Located in the heart of Washington, the National Mall hosts almost 3,000 events every year.
Ever since the Civil War, when the Union army organized, trained and camped on the parkland of the National Mall, the area has played a role in major political, social and cultural movements in the United States. It is the site of rallies, protests, festivals and celebrations, and on January 20 it will host the presidential inauguration of President-elect Trump.
The Mall has long been a site for political activism. In 1963, Martin Luther King Jr. gave his famous “I have a dream” speech standing before the Lincoln Memorial and looking east toward the Washington Monument and U.S. Congress. Delivering his speech as part of the March on Washington for Jobs and Freedom, King called for civil and economic rights for African Americans in the United States.
Women’s reproductive rights
In the wake of a controversial Supreme Court case, the March for Women’s Lives in 2004 drew between 500,000 and 800,000 people to the Mall in support of women’s reproductive rights and health care.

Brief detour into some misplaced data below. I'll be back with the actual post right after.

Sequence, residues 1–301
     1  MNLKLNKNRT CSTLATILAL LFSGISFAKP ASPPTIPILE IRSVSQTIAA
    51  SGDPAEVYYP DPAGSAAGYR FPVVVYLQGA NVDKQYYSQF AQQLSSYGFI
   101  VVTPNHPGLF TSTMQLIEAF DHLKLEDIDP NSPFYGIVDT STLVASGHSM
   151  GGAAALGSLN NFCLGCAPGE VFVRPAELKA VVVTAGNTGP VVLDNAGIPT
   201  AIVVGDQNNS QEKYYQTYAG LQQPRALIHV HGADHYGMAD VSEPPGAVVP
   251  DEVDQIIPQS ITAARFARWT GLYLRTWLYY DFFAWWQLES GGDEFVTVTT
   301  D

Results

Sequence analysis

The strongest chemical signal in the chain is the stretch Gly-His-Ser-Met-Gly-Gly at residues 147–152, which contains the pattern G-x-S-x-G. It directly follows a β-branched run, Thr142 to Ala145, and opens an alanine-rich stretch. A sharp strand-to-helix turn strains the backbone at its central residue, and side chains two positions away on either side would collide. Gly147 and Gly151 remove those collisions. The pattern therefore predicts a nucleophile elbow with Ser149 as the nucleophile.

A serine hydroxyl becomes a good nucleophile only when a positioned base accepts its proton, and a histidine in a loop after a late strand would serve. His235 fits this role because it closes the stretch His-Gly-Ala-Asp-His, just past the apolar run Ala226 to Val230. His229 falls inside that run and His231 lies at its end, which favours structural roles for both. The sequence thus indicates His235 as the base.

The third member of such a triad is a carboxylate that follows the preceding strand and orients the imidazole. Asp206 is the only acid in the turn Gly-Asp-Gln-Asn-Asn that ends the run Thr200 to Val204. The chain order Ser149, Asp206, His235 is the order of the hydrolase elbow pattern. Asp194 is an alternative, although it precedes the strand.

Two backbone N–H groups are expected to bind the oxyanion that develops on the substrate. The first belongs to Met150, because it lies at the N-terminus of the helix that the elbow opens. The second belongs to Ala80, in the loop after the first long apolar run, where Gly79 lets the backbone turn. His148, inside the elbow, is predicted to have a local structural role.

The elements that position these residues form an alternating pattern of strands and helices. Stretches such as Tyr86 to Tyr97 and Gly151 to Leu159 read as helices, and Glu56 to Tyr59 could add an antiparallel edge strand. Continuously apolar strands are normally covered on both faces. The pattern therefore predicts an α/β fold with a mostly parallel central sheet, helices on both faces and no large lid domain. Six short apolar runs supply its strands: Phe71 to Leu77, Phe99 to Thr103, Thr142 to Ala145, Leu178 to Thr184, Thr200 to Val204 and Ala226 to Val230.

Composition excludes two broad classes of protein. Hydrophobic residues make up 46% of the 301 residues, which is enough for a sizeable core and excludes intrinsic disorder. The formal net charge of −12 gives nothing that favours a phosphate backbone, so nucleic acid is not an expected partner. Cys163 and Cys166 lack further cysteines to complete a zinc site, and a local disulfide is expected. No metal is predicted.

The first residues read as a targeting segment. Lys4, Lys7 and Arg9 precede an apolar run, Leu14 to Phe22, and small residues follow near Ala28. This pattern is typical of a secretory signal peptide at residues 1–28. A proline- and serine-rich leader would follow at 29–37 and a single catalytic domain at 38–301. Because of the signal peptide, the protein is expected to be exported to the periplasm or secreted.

Vietnam War protests
In the fall of 1969, during the Vietnam War, more than 500,000 people came to Washington to protest the U.S. involvement in Southeast Asia. The gathering was one of a series of anti–Vietnam War protests mainly comprising young people who chanted, sang and marched to show their opposition to the military intervention.
The large open area connecting major memorials and museums does not just host protest marches. Each year, at the start of the National Cherry Blossom Festival, the sky of the National Mall fills with kites. To kick off the festival, families come to the Mall to fly kites and to take part in a variety of competitions, demonstrations and Rokkaku kite battles.
The Mall has also been used as a meeting place for groups to organize politically. The Million Man March in 1995 was a rally of African-American men to bring issues of black America into the political conversation. Roughly 850,000 people gathered on the Mall to hear speeches and register to vote.
As one of the most prominent communal spaces in Washington, the Mall is also home to religious events. When Pope Francis visited the United States in 2015, he led hundreds of thousands of people in prayer from the steps of the Capitol, overlooking the Mall.
Every four years, Americans come to Washington from across the country to gather on the National Mall and watch the inauguration of the president of the United States. In 2009, crowds filled the Mall to capacity for President Obama’s inauguration as the 44th president. On January 20, Trump will take his place on the stage at the Capitol and be sworn in as the 45th president.